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Ashraph’s textured mas

Sunday, October 4, 2015
Detail of Ashraph’s Black Indian Head ring.

“The black Indian chant out in a rage, next thing they on de Savannah stage.” This line from David Rudder’s song De Long Time Band is inspiration for the recent exhibition by artist Richard “Ashraph” Ramsaran. Rudder paints in word and rhythm a picture of a band of revellers—including the dragon man, midnight robber, jammette and black Indian—who descend on Port-of-Spain with a mission to return the force to a Carnival that has seemingly gone soft. In his latest body of work, Ashraph extracts the black Indian from that image.

Silhouetted heads—a motif in a number of his past work—return in his new series. The head remains for Ashraph a visual symbolic vessel for ideas and in this show the head, or rather the face, in particular, becomes a site for exploring encounters between materials: grease, glitter, clay and flesh in the black Indian tradition of smearing, masking, embellishing and empowering the self with various substances.

In his presentation he offers a black Indian masquerade band in three sections: a line of black heads hung on one white wall of the gallery; black heads set against square, matte-black canvases; and black heads affixed to long, rectangular canvases that have been painted in such a way that variegated hues peep through black surfaces.

Ashraph renders each head as a motley arrangement of lace, upholstery fabric, sequins and pearls, all washed in black. Yet, when these textured pieces catch the light, it is possible to discern a hint of pink, a twinkle of green, a murmur of red and undertones of gold. To this already multi-layered composition, he incorporates another dimension. He adds objects to the heads, among them sterling silver rings with wood and bone, pendants in ebony and earrings fashioned with carnelian gemstones. These objects-cum-jewellery reinforce notions of adorning the body and many are reminiscent of the wire-bending craft associated with Carnival costume making.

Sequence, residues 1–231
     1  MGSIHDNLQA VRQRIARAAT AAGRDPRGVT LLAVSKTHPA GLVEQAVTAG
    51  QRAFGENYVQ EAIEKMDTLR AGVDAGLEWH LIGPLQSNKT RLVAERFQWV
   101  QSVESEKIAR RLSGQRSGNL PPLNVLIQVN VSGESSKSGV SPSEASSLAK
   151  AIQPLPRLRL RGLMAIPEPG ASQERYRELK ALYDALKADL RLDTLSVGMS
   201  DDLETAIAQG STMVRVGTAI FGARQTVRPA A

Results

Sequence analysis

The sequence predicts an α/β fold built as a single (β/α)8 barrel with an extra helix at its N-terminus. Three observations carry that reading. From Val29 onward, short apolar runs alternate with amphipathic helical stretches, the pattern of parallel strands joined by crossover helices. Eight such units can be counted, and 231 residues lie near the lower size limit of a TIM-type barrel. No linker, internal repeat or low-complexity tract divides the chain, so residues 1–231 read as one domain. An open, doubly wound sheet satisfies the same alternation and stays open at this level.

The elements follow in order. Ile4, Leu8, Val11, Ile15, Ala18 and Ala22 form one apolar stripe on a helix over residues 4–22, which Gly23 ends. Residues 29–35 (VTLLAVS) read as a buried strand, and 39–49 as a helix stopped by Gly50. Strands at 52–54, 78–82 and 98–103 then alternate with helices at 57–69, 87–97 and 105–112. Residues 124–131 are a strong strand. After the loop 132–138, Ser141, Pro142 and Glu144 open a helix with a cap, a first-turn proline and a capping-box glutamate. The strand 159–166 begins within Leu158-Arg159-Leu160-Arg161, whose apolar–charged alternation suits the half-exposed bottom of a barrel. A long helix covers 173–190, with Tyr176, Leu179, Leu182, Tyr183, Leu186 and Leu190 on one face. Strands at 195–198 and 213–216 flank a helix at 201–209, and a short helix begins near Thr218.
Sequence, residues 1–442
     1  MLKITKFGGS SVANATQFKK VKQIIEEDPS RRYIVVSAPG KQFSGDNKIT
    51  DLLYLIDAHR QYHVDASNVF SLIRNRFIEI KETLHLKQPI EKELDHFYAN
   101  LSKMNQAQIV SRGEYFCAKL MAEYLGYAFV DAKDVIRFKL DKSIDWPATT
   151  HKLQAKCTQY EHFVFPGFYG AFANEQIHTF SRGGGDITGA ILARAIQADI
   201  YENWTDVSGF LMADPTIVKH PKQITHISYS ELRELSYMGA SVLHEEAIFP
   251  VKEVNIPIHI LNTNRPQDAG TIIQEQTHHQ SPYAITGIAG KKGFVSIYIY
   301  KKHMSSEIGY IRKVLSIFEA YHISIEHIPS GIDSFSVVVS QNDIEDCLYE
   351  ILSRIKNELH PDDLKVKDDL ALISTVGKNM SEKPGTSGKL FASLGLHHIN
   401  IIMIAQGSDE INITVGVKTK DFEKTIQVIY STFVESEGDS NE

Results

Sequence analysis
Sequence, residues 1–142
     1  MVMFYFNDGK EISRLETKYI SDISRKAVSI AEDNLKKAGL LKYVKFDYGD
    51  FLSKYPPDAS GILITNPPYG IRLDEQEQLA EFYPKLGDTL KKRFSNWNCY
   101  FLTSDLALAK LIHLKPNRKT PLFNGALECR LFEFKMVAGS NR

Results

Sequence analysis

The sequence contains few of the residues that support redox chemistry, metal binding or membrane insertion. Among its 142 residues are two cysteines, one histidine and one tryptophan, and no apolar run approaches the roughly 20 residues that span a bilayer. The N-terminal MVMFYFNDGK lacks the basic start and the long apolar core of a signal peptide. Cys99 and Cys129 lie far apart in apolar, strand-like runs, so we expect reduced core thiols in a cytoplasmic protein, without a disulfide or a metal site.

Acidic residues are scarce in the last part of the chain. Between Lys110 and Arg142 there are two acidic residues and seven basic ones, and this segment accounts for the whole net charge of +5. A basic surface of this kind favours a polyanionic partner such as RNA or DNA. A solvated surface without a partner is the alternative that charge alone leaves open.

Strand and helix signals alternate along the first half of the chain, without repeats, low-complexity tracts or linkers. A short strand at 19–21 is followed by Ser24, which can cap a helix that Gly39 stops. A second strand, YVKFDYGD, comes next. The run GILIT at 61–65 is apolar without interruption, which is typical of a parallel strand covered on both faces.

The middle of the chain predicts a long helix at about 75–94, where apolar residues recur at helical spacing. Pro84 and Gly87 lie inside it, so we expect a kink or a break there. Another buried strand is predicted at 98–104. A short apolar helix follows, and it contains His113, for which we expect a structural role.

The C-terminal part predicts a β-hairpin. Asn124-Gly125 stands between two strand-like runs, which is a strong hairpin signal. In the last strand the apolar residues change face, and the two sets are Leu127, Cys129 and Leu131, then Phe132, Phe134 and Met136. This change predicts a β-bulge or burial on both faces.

Unlike the character in Rudder’s song, there is no feeling of a raging black Indian in the overall mood of the works, yet some individual pieces display an attitude of irreverence. In one piece, the artist arranges rectangular bracelets on a black head so that they appear to be an open mouth and a tongue hanging in a rebellious gesture. In another piece, he uses red, undulating coral strategically, teasingly, flirtatiously as it sticks out at the viewer. 

Ashraph’s pieces are not fearsome warriors. They do not resonate with the power and energy of a long-time band. The magical chants of his black Indians cannot be heard. The works seem too precious; too controlled—though that restraint works well with respect to his sparing use of feathers, which delightfully saves the work from being too literal and expected. He succeeds, however, in underscoring the complexities, nuances, diversity and depth to be found in blackness—in highlighting the contact among the Europeans, the Native American Indians and runaway African slaves, which is said to have birthed black Indian mas in the Americas. 

In his play with the juxtaposition and melding of different forms, his black Indian whispers—echoing the words of the late Jamaican cultural scholar, Rex Nettleford—we are not one-dimensional. We are textured.

Ashraph’s Black Indian closed yesterday at Y Art Gallery, 26 Taylor Street, Woodbrook.


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